Beverly Hammer, 90
July 14, 2022
Beverly Jean Olin Hammer was born in Kalispell, Montana to Arthur and Madeline Olin. She joined her older brother Wilbur. As the oldest daughter, Bev took her role very seriously as she helped with her three younger sisters Alice, Shirley and Twila. Bev always reminisced about her younger years growing up in Montana and Wyoming. She said, "Dad was a company man, we went where the company sent us." Bev was a coal miner's daughter before it was made popular in a song. She said that they didn't wear shoes and when they did the shoes were often either too small or too big.
In the early 40's, Grandpa Art had located his father and an uncle residing in Ketchikan; so, the Olin Family set off on an Alaskan adventure. They were only in Ketchikan a short while when a job took the family to Meyer's Chuck. Bev recalled eating sugar cookies brought to them by the mail boat, she said it was years before she realized that sugar cookies were not supposed to taste like diesel!
Beverly graduated from Ketchikan High School in May of 1949. She had met Jim Hammer of Petersburg earlier in the fall and they were excited to get married. Grandpa Art had other ideas, he didn't want to give his beloved eldest daughter away, so he made them wait until after she turned 18. With her father crying as he gave her hand in marriage, Jim and Bev said their vows in a lovely service in the First Lutheran Church of Ketchikan on November 26, 1949.
The newlyweds headed to Seattle where Jim was attending business courses. Bev loved to share with us that she had to write Jim's excused absence for a weekend getaway to San Francisco with fellow newlyweds Ben and Ruth Noride.
By early summer the young couple found themselves in Petersburg, where they made their forever home. Bev and Jim were blessed with five children, Kenneth, Christi, Bob, Wendy and Roger. They were also blessed with raising their nephew, Jon Stephen. Over the years, their home was a haven for nieces, nephews and young friends of their children. If they were willing to work in the cannery, fish or work other odd jobs, the Hammer Home was there for them.
Bev's kitchen was always full of activity. If she wasn't baking or cooking, one of the kids was! She made sure that she shared favorite family recipes with whoever was interested in learning.
Bev took an occasional odd job during the summer fishing season, but she was a "family first" mom, staying home to raise the children, keep the home fires burning and the neighborhood coffee group active. When the youngest child was finally in school full time, Bev went to work as a teacher's aide. She worked closely with Claire Strand, Margaret Smith and DJ Roundtree. After a few years, she moved to the City Finance Department. On weekends, she and Jim would go out hand trolling on the Little Beaver (built by Arne Espeseth). Beverly also worked in the LIO Office with Dorothy Pentilla. Bev always managed to find exciting jobs; Willie Herff called her to come work for him at the Tyee Hydro Project as his night baker. It was an adventure that she couldn't pass up. She regaled us with many stories about "Life in Camp." During this time, Jim went from hand trolling to power troll and wanted his deckhand and first mate to join him. He purchased a bigger boat and renamed her the Beaver I. So off they went, often taking younger family members with them.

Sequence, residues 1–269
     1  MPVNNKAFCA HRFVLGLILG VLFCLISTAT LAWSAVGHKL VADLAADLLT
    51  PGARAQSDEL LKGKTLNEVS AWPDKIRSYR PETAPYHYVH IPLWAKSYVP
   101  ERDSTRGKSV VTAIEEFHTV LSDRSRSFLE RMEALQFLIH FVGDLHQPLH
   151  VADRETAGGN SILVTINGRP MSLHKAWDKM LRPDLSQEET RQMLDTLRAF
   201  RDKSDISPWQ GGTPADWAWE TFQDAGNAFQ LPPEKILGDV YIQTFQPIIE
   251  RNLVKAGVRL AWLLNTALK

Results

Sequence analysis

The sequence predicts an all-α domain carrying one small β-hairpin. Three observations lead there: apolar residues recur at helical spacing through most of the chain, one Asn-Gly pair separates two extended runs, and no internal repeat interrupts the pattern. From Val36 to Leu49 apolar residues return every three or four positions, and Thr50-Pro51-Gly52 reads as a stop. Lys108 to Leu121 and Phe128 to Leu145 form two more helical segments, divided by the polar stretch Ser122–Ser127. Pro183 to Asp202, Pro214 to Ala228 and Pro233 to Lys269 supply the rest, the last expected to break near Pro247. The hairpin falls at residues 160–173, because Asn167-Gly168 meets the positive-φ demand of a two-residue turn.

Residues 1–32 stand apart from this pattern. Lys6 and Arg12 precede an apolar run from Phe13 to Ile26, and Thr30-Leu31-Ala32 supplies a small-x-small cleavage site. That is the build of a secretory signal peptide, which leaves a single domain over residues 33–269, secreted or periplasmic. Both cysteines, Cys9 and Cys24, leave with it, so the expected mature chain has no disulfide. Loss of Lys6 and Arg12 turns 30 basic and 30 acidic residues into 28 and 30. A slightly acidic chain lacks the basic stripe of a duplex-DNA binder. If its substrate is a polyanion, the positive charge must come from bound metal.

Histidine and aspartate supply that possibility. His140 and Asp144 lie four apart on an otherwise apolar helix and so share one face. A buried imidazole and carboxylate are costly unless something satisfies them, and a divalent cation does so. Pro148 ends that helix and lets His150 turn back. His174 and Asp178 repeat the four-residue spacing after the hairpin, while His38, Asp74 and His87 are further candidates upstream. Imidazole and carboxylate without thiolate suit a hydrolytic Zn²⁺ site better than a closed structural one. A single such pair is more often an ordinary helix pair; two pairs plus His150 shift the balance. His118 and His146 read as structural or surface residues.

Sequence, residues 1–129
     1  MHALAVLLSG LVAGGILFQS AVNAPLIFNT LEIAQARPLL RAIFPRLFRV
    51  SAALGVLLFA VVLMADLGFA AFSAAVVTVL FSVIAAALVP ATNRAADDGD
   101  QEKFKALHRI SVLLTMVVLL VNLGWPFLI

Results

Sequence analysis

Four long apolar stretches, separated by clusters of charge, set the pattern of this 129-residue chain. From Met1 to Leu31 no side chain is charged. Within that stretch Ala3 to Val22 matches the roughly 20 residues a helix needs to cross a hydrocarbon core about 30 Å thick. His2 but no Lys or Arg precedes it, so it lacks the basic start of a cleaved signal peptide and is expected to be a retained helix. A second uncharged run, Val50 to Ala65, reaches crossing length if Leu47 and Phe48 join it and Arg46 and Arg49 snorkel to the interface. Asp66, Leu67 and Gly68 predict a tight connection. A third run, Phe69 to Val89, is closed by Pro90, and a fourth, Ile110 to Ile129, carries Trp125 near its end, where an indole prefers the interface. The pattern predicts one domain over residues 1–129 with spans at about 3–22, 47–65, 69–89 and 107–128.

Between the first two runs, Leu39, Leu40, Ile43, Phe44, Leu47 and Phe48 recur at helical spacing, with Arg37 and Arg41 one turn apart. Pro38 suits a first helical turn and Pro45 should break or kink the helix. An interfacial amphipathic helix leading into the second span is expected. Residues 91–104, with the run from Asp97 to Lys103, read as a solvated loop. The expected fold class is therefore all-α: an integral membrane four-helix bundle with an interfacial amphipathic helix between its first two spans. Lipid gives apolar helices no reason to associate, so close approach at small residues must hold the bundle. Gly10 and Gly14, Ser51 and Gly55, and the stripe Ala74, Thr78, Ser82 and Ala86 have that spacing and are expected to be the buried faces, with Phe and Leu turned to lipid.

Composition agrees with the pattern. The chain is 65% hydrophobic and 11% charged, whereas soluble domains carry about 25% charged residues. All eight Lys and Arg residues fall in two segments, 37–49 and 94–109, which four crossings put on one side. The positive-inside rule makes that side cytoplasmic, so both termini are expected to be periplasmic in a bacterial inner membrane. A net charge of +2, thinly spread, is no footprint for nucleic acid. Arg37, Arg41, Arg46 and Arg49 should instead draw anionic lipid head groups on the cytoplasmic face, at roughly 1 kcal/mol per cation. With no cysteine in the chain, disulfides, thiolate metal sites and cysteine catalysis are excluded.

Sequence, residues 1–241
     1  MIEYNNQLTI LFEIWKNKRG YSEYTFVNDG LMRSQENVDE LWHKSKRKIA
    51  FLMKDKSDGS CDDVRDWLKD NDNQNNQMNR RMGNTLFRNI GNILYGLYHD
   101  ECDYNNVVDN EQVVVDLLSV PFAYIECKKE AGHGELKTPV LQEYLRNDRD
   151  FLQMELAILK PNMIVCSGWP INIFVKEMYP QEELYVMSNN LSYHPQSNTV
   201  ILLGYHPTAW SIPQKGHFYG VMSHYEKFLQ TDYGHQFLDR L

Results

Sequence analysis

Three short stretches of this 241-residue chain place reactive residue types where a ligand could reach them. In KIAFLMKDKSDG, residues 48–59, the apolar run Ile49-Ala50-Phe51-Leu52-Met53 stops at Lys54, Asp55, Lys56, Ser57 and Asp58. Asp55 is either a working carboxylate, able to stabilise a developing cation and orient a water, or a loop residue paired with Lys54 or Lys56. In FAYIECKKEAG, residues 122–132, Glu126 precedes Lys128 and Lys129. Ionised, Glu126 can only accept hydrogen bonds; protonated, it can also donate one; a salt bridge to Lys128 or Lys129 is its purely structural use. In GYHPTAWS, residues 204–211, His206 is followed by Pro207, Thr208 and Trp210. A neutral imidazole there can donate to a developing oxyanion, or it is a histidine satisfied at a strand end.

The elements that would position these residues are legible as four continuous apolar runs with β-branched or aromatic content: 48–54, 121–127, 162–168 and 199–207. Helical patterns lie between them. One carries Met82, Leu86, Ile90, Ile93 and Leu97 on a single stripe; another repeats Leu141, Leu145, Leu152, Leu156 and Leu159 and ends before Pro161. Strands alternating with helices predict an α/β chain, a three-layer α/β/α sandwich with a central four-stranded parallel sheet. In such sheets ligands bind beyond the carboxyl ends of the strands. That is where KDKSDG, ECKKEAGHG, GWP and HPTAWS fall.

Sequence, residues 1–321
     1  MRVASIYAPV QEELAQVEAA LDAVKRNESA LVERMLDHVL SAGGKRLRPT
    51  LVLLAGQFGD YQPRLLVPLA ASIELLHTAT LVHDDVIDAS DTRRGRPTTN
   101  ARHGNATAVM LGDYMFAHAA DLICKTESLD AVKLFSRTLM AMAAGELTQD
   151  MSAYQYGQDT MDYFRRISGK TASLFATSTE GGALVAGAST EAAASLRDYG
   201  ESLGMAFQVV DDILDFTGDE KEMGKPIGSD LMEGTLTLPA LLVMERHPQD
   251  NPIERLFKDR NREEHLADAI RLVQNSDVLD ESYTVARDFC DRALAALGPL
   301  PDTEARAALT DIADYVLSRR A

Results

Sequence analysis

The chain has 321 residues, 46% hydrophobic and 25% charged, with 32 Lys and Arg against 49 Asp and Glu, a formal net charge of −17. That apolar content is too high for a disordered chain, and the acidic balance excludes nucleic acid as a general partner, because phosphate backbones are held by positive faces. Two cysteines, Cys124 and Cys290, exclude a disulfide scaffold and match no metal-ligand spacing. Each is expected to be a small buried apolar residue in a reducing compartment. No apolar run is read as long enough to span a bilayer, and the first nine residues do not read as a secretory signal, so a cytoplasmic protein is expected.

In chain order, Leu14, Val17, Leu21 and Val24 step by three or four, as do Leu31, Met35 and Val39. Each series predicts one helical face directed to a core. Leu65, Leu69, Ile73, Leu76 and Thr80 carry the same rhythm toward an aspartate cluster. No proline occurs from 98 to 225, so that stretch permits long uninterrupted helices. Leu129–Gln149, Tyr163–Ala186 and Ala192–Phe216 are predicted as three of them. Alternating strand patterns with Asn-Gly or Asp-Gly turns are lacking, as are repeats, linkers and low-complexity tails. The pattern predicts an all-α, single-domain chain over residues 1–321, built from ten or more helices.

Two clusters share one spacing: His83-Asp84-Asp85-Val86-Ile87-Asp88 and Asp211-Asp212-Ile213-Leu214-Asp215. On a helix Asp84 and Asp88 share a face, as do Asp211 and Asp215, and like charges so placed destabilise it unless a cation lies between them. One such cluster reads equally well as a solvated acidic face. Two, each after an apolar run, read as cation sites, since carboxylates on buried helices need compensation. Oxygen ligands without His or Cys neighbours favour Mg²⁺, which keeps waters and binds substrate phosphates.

Beverly had many interests in her 90 years, from bowling teams and sewing club to teaching Sunday school. She was very active in the Lutheran Church Women's Group, weekly Bible studies, Pioneers of Alaska Igloo #10, and the Sons of Norway.
Beverly had a zest for life. Two of her favorite sayings were, "Bloom where you are planted" and "It's the quality of your time together, not the quantity." She loved family gatherings, and for years it was her home that was the place to gather. She loved picnics! Beach picnics with fellow fisher-friends, out the road picnics that lasted 8-9 hours, Pioneers of Alaska picnics – if it was a beautiful day Bev was often the one calling to get something going.
Bev liked to direct traffic and take care of everyone around her. She made sure everyone had a ride to church, a ride to coffee, she was great at extracting help with the simplest of explanations..."because it is right." If Beverly called you, you just did it.
After Jim's death in 2005, Bev was a ship afloat. She renewed a friendship with Don Nelson after a couple of years. The two of them found that they had many interests, like they both loved to picnic, dance, travel, and explore the world around them. The two were almost inseparable! Bev and Don were two of the lucky ones who were able to form a special bond over the years. Don will forever be known as Don the Great!
Beverly left us quietly on June 25, 2022. She was surrounded by love. She left her family with a lot of advice, words of wisdom, and a place in our hearts that will never be quite full.
Beverly's Children: Christi & Doug Burrows; Robert (Bob) & Patrice Hammer; Wendy & Bruce Westre; Roger & Jean Hammer.
Grandchildren: Cari (Jay) Recchio, Jacob (Kacey) Hammer, Jens (Jocelyn) Hammer, Tami (Drew) Ware, Joshua (Kristy) Hammer, Chad Hammer, Ty (Lindsay) Westre, Krystlyn Westre and Chase (Kaitlyn) Hammer.
Great grandchildren: Tony and Tino Recchio, Adonica and River Jordan, Ralin and Finley Ware, Jadyn Hammer; Devon, Brinley, Caleb and Drew Westre; Isabelle, Nick and Jon Hammer; Olin, Jim and Jens T. Hammer.
Those who preceded her: husband, Jim; sons, Jon and Ken; parents, Art and Madeline Olin; brother, Wilbur; sisters, Shirley, Alice and Twila; nephews, Tom Olin, Ronnie & Ed Shaw, Bill Rodenberg, Tim Hammer; niece, Nancy Quinto; grandsons, Aaron & Matt Vincent and many other family and friends.
In lieu of flowers: Please make donations to the Petersburg Lutheran Church / Capital Projects, the Home Health dept. of PMC or the Petersburg volunteer ambulance team.